Regional planning and development - RPD
Focus and area of activity
The activities within RPD are broadly focused on regional development and transformation processes where both planning for regional and intra-regional (local) development as well as analyzes of regional and local processes are at the center. The research that is conducted takes place from both a macro and a meso and / or micro perspective. In this case, macro means focusing on national and international phenomena and processes and its impact on regional and local development patterns, meso stands for regional and / or interregional perspectives, while micro refers to intra-regional and local focus. Another basis for division - which is complementary rather than alternative - includes the concepts of conditions, content and processes with different emphases depending on the nature of the research objects.
The combination of regional development and regional planning should give rise to a cross-fertilization where the two "legs" develop in symbiosis with the opportunities for synergy effects. In some cases, national and regional development gives rise to reactions in the form of regional planning, while the opposite prevails in other cases - ie regional and national planning affects development at different levels. This also means that theory and method development play a central role in the activities and that these should influence each other in a positive way. This applies to both applied research and basic research. This division contains both quantitatively and qualitatively oriented research as well as theoretically and empirically oriented.
Since research is often focused on processes and processes - the procedural perspective is a cornerstone of the activities- the cause-and-effect problem plays a central and explicit role in the studies that are done. Thus, the time dimension will also have a central role in explaining conversion processes and effects of various planning efforts. However, this does not exclude qualified descriptive studies such as “state of the art” overviews with emphasis on where the research front is today. Instead, this contributes to an additional dimension in the group's work. Descriptive studies and meta-analyzes that produce and / or compile new knowledge also occupy a prominent place in the group's activities. Without knowing how it is, it can be problematic to ask the "right" questions and hypotheses, which are often prerequisites for further and more in-depth research. This also means that both inductive and deductive methods justify their place in the group's research and activities.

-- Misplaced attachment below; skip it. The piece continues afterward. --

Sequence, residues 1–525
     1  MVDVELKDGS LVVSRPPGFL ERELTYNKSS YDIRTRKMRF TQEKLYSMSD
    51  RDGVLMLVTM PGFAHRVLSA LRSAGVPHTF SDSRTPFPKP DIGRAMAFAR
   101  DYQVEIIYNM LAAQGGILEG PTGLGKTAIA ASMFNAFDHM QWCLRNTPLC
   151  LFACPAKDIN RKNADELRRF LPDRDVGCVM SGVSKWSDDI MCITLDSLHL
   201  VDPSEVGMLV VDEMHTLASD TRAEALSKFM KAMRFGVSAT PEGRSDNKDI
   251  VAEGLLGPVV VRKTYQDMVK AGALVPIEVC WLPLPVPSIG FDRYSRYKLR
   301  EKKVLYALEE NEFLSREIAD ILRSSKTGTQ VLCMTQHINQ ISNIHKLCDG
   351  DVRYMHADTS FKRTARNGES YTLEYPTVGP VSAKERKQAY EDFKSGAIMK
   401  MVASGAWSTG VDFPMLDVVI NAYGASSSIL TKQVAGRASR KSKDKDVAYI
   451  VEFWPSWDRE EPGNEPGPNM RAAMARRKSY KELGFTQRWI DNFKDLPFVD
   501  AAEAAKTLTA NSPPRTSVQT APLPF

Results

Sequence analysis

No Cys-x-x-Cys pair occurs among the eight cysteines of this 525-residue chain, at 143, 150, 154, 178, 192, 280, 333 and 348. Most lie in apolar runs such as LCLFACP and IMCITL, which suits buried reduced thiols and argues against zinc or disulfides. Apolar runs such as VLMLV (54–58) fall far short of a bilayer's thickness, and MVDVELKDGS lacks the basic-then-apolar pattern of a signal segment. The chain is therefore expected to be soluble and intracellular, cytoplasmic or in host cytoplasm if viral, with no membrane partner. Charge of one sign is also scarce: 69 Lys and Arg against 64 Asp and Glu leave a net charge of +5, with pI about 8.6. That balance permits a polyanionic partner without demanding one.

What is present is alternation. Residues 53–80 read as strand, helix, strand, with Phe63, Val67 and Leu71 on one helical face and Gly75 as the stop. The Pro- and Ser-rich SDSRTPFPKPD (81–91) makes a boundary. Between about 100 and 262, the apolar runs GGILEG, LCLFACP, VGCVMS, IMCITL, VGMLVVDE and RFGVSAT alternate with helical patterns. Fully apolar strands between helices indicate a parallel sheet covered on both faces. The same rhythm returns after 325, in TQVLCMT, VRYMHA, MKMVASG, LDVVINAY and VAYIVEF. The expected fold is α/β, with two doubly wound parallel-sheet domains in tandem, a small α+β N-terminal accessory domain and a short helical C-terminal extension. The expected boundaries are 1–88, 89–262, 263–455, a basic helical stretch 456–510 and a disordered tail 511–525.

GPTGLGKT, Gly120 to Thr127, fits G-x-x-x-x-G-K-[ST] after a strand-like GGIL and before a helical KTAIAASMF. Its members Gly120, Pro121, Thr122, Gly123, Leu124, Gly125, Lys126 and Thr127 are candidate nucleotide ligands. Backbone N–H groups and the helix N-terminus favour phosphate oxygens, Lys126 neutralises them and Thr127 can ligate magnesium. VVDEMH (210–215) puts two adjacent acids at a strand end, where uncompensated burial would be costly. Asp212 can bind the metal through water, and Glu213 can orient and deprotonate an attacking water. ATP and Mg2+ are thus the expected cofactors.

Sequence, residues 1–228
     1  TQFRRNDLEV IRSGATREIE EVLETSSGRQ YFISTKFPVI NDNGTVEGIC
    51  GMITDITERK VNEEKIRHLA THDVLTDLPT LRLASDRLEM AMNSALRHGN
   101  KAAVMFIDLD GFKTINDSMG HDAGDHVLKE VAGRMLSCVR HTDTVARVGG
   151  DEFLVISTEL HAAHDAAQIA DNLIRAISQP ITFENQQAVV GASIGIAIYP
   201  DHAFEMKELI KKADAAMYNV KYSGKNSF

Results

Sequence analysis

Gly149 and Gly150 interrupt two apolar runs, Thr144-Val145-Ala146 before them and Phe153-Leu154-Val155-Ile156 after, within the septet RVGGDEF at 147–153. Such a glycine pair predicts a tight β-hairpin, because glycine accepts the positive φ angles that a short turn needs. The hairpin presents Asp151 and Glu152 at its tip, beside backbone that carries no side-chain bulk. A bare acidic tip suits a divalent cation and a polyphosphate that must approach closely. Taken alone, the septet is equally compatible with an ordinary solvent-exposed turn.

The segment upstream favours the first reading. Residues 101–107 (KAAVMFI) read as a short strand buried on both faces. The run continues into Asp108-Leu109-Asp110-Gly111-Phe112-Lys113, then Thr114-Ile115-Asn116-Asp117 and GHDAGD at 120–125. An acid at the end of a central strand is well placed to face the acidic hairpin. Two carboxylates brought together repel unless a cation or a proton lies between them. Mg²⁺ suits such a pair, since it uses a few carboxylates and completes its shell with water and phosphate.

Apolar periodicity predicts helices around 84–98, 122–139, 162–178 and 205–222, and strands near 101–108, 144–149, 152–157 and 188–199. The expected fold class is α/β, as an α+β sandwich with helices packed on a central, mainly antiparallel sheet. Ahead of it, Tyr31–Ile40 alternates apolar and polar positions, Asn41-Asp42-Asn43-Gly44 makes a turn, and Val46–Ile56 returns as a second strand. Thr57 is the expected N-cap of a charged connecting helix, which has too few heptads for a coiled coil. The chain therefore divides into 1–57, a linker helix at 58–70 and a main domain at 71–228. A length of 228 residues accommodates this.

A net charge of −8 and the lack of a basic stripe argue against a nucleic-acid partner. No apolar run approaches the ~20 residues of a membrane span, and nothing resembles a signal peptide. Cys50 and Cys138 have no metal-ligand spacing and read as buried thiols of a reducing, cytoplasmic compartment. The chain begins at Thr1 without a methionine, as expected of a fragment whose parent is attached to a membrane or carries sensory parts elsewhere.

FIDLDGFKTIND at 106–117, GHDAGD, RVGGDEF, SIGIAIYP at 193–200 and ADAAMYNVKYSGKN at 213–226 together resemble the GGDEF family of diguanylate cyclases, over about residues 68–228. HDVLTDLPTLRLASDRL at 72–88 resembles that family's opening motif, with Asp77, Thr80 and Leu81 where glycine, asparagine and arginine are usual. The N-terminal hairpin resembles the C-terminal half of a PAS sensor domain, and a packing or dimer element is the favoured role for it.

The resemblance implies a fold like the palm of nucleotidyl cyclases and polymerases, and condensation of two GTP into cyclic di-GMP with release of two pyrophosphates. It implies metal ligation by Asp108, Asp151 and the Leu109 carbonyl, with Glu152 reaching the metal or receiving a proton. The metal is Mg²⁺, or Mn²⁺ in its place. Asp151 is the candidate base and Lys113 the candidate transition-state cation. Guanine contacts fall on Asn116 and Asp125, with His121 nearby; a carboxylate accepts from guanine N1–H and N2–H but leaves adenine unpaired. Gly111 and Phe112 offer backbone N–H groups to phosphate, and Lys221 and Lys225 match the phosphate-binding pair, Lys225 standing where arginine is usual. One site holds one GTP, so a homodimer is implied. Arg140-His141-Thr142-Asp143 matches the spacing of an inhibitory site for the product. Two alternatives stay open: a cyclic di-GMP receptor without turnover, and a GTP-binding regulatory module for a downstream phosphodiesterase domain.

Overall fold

From different theoretical perspectives, different methods will be used. Incidentally, this is up to the researcher / research project to decide - however in dialogue with the group's other members as well as with external experts - which can be more or less formally linked to the group's activities. As mentioned above, both deductive and inductive methods can be used, which also means that the research will be based on both qualitative and quantitative methods. An important element is to support the method development within the group's area of activity, both in terms of regional and local planning as well as various forms of development and transformation processes. The latter also applies not only to growth and positive development processes, but also to decline and stagnation falling within this framework. Not least this applies to polarization and segregation problems, which are often an effect of both external and internal factors.